Every year, when tax season rolls around, everyone is looking to maximize their deductions, save money, and either increase their return or reduce their tax payment. Some senior living expenses, including medical expenses and assisted living expenses are tax-deductible – within certain parameters.
It’s important to note that each financial situation is unique and personal and that a tax advisor can help you sort through your own taxes to uncover deductions that may apply to you. Keeping that in mind, here are some general guidelines to follow when it comes to claiming caregiver and assisted living tax deductions. Additionally, these guidelines are for the 2017 tax year and do not account for the tax reform coming in 2018.
Tax Deductions for Medical Expenses
IRS rules allow citizens to deduct any insurance premiums that have been paid for medical insurance or long-term care insurance that covered or partly-covered qualified long-term care costs. How much long-term care premiums can be claimed is dependent on age.
Additionally, out-of-pocket medical expenses not reimbursed by insurance may be deducted. Qualifying expenses include preventative care, surgery, treatments, dental care, and vision care. Over-the-counter medications, gym memberships, or cosmetic surgeries are not deductible.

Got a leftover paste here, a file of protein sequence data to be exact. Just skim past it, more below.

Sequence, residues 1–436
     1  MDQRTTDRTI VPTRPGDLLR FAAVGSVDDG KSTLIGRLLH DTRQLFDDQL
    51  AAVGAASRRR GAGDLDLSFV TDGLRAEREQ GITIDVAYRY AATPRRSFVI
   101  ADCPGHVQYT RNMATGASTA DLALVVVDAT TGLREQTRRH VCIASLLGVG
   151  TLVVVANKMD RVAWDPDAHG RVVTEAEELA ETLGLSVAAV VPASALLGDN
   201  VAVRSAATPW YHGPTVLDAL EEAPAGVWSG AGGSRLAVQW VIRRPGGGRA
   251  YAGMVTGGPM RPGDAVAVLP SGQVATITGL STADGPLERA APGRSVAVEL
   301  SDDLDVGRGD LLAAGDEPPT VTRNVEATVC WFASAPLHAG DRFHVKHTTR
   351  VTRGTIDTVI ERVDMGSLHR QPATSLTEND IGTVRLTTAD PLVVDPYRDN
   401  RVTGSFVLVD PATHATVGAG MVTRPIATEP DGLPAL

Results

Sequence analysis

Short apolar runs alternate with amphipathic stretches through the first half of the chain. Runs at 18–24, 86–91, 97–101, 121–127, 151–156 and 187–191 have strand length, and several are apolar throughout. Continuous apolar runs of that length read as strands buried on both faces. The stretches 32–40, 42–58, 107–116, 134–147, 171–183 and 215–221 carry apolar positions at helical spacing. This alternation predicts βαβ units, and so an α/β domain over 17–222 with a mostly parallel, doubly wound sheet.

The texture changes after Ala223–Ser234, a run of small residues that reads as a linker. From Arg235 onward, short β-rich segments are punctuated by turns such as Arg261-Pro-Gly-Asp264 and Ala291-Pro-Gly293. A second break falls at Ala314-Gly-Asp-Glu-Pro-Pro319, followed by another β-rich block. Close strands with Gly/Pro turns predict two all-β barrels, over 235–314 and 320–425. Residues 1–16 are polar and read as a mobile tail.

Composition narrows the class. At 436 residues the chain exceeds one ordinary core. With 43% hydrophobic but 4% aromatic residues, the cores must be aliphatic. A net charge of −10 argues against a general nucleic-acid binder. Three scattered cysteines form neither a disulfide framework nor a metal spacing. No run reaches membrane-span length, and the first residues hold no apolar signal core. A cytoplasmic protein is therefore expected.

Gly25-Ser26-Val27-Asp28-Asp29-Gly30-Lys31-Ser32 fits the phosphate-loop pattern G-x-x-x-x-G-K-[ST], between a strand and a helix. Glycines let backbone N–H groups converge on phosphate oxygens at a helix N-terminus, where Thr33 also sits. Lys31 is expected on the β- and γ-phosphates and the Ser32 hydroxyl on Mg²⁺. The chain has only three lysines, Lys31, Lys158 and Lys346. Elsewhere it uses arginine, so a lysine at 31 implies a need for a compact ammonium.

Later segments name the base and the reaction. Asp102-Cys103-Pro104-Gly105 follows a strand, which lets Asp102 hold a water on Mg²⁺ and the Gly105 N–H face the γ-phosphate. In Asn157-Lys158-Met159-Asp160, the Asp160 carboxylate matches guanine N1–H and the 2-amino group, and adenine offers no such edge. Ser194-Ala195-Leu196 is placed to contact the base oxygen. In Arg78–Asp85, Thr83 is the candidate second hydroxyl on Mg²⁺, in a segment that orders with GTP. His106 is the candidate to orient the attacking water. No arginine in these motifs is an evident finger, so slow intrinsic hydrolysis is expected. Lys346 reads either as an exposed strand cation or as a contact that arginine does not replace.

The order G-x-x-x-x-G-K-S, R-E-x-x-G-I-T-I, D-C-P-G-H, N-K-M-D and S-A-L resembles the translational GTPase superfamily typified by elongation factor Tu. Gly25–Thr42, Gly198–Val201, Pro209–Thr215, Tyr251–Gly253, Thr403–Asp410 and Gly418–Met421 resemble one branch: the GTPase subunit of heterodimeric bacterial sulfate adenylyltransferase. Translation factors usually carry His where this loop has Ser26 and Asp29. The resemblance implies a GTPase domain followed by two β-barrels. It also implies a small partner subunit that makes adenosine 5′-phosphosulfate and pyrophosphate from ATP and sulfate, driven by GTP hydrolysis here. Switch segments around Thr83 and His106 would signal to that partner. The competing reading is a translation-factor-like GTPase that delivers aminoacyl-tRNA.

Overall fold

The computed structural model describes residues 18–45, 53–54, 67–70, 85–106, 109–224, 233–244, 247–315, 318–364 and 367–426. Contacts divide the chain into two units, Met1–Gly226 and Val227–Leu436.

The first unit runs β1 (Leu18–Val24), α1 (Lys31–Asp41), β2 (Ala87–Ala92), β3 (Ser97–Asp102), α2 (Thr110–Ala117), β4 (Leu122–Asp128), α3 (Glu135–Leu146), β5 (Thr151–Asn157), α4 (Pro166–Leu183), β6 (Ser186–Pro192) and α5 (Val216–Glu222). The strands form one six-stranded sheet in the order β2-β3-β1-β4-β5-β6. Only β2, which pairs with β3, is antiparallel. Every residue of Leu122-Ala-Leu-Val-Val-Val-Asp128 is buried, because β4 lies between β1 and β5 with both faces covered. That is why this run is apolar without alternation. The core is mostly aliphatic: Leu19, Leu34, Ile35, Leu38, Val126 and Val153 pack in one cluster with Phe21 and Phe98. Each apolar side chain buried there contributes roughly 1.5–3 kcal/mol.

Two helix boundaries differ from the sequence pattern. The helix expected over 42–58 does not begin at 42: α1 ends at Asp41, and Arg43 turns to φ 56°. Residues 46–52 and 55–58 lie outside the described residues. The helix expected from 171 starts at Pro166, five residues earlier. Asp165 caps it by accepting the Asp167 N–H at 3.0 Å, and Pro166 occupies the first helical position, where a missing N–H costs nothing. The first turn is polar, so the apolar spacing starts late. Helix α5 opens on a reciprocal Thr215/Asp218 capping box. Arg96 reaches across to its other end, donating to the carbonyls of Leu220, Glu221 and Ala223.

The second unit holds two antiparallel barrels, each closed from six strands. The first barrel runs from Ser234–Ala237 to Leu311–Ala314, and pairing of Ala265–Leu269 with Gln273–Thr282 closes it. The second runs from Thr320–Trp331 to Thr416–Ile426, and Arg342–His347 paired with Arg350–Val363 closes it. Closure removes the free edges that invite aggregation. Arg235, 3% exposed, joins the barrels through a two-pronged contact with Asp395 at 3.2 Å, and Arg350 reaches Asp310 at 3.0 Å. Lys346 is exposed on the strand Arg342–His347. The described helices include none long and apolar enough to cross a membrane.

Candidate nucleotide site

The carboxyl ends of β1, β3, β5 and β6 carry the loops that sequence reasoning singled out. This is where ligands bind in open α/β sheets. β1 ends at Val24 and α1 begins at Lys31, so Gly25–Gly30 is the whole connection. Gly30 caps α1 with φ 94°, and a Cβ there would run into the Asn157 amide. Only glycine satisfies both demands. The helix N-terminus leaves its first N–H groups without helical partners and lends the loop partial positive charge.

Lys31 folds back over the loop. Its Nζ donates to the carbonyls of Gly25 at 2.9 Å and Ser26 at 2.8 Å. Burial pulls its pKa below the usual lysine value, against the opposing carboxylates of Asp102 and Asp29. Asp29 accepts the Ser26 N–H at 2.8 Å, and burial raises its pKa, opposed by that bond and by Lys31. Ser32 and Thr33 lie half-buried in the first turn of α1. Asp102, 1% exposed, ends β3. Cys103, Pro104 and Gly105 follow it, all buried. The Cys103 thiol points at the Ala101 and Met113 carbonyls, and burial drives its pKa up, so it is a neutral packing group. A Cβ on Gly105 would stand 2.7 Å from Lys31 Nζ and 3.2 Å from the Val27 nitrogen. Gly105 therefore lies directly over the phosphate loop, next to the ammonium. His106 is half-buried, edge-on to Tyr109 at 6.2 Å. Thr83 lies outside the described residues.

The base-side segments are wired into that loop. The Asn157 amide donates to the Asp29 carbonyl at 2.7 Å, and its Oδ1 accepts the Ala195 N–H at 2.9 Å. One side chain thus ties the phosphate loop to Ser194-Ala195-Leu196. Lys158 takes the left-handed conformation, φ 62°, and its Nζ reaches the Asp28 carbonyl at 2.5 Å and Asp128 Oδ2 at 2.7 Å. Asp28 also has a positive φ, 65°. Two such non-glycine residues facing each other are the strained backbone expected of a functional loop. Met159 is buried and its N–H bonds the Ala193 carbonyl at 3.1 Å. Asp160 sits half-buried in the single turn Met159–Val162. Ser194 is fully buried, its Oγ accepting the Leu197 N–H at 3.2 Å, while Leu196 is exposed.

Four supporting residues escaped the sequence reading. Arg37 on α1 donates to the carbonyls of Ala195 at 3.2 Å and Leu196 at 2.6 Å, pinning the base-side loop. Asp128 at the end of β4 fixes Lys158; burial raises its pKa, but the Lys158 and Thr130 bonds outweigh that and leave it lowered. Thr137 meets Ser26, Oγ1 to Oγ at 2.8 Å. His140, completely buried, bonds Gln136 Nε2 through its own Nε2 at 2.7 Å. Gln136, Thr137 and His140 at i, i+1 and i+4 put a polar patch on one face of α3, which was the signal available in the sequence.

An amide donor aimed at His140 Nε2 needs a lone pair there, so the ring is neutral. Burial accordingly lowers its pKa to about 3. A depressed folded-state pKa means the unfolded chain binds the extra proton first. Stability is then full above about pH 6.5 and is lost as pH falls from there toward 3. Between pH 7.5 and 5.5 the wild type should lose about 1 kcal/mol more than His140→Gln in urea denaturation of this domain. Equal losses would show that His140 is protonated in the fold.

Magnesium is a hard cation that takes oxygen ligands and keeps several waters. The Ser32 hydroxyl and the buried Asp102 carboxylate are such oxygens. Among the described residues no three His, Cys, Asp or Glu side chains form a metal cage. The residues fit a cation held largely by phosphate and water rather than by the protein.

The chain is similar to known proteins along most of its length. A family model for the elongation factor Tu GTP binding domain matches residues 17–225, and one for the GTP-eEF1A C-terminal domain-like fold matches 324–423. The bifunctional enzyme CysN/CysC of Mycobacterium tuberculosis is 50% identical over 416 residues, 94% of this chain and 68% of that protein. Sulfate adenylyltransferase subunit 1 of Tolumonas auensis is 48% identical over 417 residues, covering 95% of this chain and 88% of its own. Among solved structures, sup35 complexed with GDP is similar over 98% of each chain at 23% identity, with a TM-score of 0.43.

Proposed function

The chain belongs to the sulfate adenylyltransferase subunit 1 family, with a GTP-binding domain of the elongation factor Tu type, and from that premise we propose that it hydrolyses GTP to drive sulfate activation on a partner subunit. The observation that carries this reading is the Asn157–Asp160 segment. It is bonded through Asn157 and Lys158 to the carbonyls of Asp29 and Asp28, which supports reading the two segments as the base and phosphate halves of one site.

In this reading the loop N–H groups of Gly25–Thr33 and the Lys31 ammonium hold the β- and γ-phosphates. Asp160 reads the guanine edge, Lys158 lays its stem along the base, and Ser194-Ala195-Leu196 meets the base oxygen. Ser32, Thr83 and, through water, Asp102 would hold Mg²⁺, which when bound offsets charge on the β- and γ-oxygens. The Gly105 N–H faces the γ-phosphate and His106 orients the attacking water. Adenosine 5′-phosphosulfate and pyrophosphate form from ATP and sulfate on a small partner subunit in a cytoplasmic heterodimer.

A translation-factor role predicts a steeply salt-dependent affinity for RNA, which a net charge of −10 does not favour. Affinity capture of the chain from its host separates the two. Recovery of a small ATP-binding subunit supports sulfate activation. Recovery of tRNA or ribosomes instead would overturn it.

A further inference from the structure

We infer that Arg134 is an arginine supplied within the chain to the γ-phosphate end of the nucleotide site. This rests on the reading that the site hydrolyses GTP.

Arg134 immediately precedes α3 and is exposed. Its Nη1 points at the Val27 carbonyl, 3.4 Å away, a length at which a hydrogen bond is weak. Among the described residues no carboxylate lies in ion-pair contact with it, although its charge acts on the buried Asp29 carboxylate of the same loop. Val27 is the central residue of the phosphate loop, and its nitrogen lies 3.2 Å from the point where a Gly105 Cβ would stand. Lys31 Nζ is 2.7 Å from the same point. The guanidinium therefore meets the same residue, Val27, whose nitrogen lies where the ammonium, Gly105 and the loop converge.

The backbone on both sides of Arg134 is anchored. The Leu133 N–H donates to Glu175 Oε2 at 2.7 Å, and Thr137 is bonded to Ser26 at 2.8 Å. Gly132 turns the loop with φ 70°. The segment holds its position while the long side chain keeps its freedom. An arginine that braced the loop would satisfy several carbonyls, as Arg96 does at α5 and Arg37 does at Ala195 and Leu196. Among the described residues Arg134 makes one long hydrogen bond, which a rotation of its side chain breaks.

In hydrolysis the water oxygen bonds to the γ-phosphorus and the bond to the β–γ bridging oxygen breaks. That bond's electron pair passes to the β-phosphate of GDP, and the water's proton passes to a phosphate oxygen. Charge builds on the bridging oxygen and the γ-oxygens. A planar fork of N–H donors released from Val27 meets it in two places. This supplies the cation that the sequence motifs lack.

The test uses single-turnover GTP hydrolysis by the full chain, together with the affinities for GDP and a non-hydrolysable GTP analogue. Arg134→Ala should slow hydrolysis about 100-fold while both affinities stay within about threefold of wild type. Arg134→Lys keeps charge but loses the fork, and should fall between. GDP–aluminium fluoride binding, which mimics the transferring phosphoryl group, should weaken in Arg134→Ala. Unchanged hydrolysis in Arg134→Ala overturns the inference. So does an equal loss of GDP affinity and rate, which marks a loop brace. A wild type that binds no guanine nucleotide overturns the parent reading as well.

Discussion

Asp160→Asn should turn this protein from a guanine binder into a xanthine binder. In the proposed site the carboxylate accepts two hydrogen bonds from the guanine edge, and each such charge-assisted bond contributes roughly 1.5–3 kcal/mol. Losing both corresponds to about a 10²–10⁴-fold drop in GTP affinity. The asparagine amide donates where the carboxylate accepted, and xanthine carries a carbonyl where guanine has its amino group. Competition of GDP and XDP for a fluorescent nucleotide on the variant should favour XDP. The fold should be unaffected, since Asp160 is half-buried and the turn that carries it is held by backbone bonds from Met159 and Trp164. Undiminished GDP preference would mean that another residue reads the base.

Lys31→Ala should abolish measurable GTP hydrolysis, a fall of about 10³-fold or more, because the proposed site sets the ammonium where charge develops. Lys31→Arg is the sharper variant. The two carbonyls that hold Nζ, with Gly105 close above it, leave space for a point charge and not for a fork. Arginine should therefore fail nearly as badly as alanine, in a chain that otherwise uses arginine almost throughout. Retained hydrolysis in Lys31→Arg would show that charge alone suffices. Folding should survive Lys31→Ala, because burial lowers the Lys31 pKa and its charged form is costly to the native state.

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To deduct any medical expenses, you must be eligible to itemize deductions according to Form 1040, Schedule A. Itemized expenses must fall into the IRS definition of qualified expenses. If you and your spouse are over the age of 65, you can deduct medical expenses that exceed 7.5% of your adjusted gross income. For taxpayers under the age of 65, medical expenses must exceed 10% of your adjusted gross income.
Tax Deductions for Assisted Living Expenses
The Health Insurance Portability and Accountability Act (HIPPA) of 1996 ensured that qualified long-term care services may be tax deductible. These expenses must be itemized and unreimbursed, often including assistance with activities of daily living, meal preparation, and household cleaning.
Assisted living residents may only claim these deductions if they were certified to be chronically ill by a licensed healthcare provider. Being chronically ill is typically defined as being unable to perform at least two activities of daily living or being unable to protect against threats to health and safety.
Care services must follow a prescribed plan from a licensed health care provider to be tax deductible. Most assisted living communities have licensed nurses or social workers who can provide this. The plan should outline the daily care that the taxpayer needs and address how it helps the person’s chronic condition.
Tax Deductions for Caregivers
There are also tax breaks for family caregivers who are paying for a senior loved one’s medical expenses out-of-pocket. To qualify for these deductions, caregivers must be able to claim that senior as a dependent and be paying for at least 50% of their living expenses. Caregivers who meet those requirements can deduct medical expenses that exceed 7.5% of their adjusted gross income.
To understand more about your personal tax situation and your deductions, contact a tax advisor. Additionally, our communities are skilled in all aspects of senior living – including paying for care, and benefits for residents and their families. Contact one of our communities today to discuss all the benefits of a move into senior living.
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